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Finally striking the right balance - 80%

Radagast, September 29th, 2013

Much like some privileged student on a gap year, Wolfchant seem to have spent their last 2 CDs "finding themselves". Attempting to expand their enjoyable-yet-derivative sound into something a bit more unique saw them reap some rewards, but also hit a few potholes in the process.

The tentative addition of Michael Seifert’s operatic vocals to their melodic death/folk metal melting pot on ‘Determined damnation’ opened a lot of new doors for them as a band, but his full-time appointment for the following ‘Call of the black winds’ was handled a little clumsily and caused as many problems as it solved.

Thankfully a more considered approach has been taken for the new ‘Embraced by fire’ CD, as rather than trying to simply force a new vocalist onto their existing style of songwriting, the 7-strong line-up have actually gone some way to reinventing themselves for a 5th CD that is their most mature and cohesive so far.

Despite being a full 10 minutes shorter than its immediate predecessor, the simplest way to describe their new approach is “bigger”. Following on from the lush, cinematic intro track, not one 7 of the full songs is less than 5 1/2 minutes long, and each one is loaded with seemingly more of everything.

Far from being a negative point though, the songs have all been crafted with a renewed care; some blare with huge symphonic bombast, others have relentless blast-beat sections that hark back to the more black metal approach of old Wolfchant, while on more than a few tracks lead guitarist Skaahl really pushes himself further than he has in the past with some towering solos. All of this newfound expansiveness is kept within a well-maintained border of tastefulness, and none of the songs are allowed to run away with themselves.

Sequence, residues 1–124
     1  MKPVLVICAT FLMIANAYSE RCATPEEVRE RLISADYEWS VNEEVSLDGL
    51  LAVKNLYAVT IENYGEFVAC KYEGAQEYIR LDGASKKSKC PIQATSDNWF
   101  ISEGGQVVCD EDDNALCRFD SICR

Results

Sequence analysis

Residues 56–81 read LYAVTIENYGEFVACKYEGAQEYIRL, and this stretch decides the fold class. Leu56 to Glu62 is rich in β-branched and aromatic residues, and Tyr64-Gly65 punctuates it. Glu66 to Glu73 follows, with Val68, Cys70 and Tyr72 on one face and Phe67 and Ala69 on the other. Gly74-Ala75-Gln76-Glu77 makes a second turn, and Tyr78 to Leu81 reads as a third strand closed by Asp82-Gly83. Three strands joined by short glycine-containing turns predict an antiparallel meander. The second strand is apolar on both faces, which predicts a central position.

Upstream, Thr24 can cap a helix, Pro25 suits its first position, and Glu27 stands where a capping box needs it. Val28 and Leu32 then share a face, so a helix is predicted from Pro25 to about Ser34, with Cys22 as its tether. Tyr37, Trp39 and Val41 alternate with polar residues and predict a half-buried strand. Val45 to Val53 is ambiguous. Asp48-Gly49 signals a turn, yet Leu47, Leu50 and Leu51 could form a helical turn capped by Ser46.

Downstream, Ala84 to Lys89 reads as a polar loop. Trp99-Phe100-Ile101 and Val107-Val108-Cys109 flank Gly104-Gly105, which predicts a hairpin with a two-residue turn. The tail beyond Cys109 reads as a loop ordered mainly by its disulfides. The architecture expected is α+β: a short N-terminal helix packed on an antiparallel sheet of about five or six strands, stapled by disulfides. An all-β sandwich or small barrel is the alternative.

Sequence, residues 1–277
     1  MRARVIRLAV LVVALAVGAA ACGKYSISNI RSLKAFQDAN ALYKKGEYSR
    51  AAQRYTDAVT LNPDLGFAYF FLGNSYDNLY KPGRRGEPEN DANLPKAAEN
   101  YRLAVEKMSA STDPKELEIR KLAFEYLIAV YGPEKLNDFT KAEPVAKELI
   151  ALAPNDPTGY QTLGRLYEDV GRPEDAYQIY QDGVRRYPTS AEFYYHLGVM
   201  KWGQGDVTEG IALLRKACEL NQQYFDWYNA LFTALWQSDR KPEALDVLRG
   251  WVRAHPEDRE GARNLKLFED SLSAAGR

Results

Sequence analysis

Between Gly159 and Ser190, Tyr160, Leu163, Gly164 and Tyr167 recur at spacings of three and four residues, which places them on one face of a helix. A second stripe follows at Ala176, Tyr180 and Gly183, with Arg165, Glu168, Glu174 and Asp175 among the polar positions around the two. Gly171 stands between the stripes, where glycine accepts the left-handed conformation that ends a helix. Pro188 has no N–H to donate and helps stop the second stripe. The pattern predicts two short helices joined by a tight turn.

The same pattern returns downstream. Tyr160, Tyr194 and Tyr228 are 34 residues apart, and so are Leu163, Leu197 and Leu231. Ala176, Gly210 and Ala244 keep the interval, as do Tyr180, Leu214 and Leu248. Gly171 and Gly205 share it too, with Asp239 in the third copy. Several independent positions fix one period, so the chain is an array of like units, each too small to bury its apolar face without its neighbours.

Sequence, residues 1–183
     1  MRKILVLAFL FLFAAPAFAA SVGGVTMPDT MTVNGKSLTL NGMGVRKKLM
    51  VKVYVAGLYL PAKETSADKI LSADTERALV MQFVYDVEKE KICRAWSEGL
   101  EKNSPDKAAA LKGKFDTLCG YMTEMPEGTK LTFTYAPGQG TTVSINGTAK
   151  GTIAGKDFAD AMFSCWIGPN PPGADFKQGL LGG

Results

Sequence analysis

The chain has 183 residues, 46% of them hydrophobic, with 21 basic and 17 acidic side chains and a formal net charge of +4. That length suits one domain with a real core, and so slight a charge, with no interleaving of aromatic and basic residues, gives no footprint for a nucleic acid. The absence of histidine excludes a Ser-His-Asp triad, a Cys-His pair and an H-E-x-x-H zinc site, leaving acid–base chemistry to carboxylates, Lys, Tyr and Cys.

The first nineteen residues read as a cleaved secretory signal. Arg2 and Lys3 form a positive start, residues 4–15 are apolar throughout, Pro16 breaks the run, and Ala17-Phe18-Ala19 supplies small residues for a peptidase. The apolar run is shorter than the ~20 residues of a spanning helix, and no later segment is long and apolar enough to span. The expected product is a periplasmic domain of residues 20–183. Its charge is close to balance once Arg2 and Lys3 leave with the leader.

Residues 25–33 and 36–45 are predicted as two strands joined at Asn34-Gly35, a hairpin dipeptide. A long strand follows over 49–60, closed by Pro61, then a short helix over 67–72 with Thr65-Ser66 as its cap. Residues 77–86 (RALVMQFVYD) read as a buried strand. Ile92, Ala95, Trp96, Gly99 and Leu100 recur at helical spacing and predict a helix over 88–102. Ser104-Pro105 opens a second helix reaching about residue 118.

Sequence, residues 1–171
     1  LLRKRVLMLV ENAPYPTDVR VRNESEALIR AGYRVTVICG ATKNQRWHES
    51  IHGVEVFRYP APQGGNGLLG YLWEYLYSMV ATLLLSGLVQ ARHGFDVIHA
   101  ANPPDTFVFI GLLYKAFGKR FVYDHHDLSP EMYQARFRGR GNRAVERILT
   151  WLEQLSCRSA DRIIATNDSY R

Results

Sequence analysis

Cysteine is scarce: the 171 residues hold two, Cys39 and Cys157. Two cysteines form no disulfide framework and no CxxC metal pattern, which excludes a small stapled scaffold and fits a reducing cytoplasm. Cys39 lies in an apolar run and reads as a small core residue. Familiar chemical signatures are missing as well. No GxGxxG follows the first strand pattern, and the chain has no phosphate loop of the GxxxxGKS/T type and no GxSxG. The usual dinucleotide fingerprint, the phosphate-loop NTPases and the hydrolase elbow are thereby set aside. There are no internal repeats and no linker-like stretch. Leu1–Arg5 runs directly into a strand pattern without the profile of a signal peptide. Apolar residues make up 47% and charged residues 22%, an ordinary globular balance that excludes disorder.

Perhaps the most important feature of an all-round improvement though is a more considered approach to balancing the band’s 2 vocalists. On ‘Call of the black winds’ they hit full-on 3 Inches of Blood syndrome, overloading the songs with vocals to try and give both singers a fair shake, but there is more carefully arranged interplay here, with the harsh vocals used more often as a counterpoint to the clean singing which has become the dominant side of the equation.

As Seifert’s epic timbre remains Wolfchant’s single strongest weapon, it is natural that he occupies more of a leading place in proceedings on his 2nd CD as a full member. Original vocalist Lokhi (by contrast the band’s weak link, but presumably in with the bricks) is gently eased to the side somewhat, getting less time to sing solo than he did on ‘Call of the black winds’, though one minor niggle is that too many of the choruses feature both frontmen singing in tandem.

Even leaving aside the issue of getting their house in order with the singing, ‘Embraced by fire’ represents a big step forward for Wolfchant. Hard work has doubtlessly paid off on a CD that finally sees things click into place for a more unified and natural sound, where the songs all compliment one another and there are finally no stand-out weak moments getting in the way. It’s a nice testament to perseverance and moreover a damn fine symphonic folk metal CD in its own right.

(Originally written for